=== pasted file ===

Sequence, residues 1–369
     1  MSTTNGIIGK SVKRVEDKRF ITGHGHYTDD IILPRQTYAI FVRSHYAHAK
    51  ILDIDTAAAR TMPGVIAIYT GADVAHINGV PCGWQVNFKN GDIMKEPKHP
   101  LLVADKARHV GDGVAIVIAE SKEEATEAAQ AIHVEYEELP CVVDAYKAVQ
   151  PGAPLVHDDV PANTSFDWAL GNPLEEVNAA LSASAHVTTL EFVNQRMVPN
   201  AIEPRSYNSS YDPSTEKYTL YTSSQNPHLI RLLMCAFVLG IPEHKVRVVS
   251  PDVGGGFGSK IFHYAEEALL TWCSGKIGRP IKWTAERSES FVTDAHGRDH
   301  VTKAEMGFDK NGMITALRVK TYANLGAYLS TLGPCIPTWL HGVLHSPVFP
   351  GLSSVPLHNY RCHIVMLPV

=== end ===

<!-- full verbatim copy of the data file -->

Sequence, residues 1–369
     1  MSTTNGIIGK SVKRVEDKRF ITGHGHYTDD IILPRQTYAI FVRSHYAHAK
    51  ILDIDTAAAR TMPGVIAIYT GADVAHINGV PCGWQVNFKN GDIMKEPKHP
   101  LLVADKARHV GDGVAIVIAE SKEEATEAAQ AIHVEYEELP CVVDAYKAVQ
   151  PGAPLVHDDV PANTSFDWAL GNPLEEVNAA LSASAHVTTL EFVNQRMVPN
   201  AIEPRSYNSS YDPSTEKYTL YTSSQNPHLI RLLMCAFVLG IPEHKVRVVS
   251  PDVGGGFGSK IFHYAEEALL TWCSGKIGRP IKWTAERSES FVTDAHGRDH
   301  VTKAEMGFDK NGMITALRVK TYANLGAYLS TLGPCIPTWL HGVLHSPVFP
   351  GLSSVPLHNY RCHIVMLPV